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Judgment handed down in Secretary to the Dept. of Economic Development v Manor Lakes (Werribee) Pty Ltd

18 May 2017

The Court of Appeal has today dismissed an appeal by the Secretary to the Department of Economic Development, Jobs, Transport and Resources (‘the Authority’) against a decision that it was liable to pay Manor Lakes (Werribee) Pty Ltd (‘MLW’) an amount of compensation for loss attributable to disturbance under s 41(1)(d) of the Land Acquisition and Compensation Act 1996 (‘the Act’).    

The Authority compulsorily acquired land from MLW for the purposes of the Regional Rail Link project.  MLW had intended to subdivide and develop the acquired land as part of the Manor Lakes Estate.

Following the compulsory acquisition, MLW purchased replacement land. The purpose of replacing the acquired land was to continue the progressive development of the Manor Lakes Estate. 

MLW and the Authority settled MLW’s claim for compensation for the market value of the acquired land. However, MLW also claimed that it was entitled to compensation for loss attributable to disturbance, namely stamp duty and other transaction costs incurred in purchasing the replacement land. The Authority argued that MLW was not entitled to any compensation for loss attributable to disturbance. Loss attributable to disturbance is relevantly defined in s 40 of the Act as ‘any pecuniary loss suffered by a claimant as the natural, direct and reasonable consequence of’ the compulsory acquisition.

The trial judge accepted that MLW, as a land development company, was entitled to recover the stamp duty and other transaction costs paid by it in order to replace what was in effect its stock in trade. 

Before the Court of Appeal the Authority raised two arguments. First, it argued that it was not open to the trial judge to find that the loss in issue was suffered as the ‘direct’ consequence of the compulsory acquisition, because the trial judge had already found that MLW would have purchased the replacement land in any event. The Authority had conceded that the relevant loss was the natural and reasonable consequence of the compulsory acquisition within the meaning of s 40 of the Act.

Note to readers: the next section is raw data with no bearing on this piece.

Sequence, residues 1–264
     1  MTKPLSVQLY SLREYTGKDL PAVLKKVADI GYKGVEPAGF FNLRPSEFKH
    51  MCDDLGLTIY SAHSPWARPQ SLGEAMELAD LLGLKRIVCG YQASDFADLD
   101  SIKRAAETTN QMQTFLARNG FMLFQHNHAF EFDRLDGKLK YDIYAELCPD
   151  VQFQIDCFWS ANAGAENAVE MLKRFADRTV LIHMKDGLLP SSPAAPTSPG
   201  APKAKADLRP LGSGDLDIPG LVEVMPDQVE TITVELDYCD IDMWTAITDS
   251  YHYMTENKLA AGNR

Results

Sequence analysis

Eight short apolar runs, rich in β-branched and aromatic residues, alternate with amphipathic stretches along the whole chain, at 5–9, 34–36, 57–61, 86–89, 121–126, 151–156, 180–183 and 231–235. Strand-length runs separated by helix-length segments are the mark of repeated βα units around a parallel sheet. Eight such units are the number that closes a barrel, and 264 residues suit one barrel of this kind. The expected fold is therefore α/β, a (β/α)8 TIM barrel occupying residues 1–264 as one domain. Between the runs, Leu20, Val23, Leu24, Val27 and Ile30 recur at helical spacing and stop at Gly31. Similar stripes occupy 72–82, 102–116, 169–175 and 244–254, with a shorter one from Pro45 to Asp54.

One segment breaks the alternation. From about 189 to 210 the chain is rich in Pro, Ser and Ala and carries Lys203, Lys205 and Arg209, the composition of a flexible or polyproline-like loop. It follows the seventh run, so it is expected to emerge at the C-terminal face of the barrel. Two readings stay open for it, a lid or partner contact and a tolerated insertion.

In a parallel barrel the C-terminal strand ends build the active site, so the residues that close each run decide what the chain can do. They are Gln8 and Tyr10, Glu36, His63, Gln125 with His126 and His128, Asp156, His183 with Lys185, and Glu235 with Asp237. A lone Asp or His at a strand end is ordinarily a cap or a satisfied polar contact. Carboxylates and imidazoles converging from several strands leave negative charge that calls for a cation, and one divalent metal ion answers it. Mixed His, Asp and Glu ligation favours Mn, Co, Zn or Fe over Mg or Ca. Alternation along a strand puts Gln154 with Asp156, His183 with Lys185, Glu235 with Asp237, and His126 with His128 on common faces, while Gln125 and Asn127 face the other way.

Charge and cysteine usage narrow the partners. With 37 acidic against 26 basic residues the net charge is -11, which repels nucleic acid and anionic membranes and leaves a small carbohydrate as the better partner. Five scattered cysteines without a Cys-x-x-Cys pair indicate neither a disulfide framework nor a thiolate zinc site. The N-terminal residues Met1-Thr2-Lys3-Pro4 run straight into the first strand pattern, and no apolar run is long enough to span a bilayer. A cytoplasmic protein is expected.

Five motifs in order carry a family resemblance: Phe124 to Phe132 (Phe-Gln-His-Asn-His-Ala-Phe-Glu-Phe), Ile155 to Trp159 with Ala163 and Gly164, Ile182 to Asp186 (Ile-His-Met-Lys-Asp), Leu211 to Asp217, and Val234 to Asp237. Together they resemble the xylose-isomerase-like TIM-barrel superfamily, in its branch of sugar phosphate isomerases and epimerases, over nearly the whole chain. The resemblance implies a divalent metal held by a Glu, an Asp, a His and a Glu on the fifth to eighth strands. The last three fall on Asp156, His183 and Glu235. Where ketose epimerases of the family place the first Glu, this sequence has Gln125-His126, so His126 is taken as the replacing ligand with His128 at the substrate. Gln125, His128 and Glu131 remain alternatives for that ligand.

The Court of Appeal held that stamp duty paid with respect to replacement land may constitute a loss attributable to disturbance and that whether it does so in any given case will always be a question of fact. On the other hand, whether it was open to conclude that the loss in issue was suffered as a direct consequence of the acquisition was a question of law. The Court found that it was open to the trial judge to conclude that the relevant loss was suffered as a direct consequence of the compulsory acquisition.

The Authority’s second argument was that compensation was precluded by s 41(2)(b) of the Act, which provides:

If the market value of an interest in land is assessed on the basis that the land had potential to be used for a purpose other than the purpose for which it was used on the date of acquisition, compensation must not be allowed for— any loss attributable to disturbance that would necessarily have been incurred in realizing that potential.

The Court rejected the Authority’s argument that the characterisation of the purpose for which the acquired land was used at the date of acquisition was to be undertaken solely by reference to actual physical use. The Court of Appeal considered that the purpose for which land is used is not necessarily determined by its actual physical use.

The Court found that on the dates of acquisition ‘holding the land for subdivision’ constituted the acquired land’s use. While this differed from the basis on which the market value of the acquired land was assessed, s 41(2)(b) nevertheless did not apply. This was because the costs incidental to the purchase of the replacement land were not a loss that would necessarily have been incurred in realising the potential of the acquired land. Rather, those costs were pecuniary losses relating to realising the potential of other land, incurred in consequence of the compulsory acquisition.    

Read the Court's full judgment on Austlii (External link)

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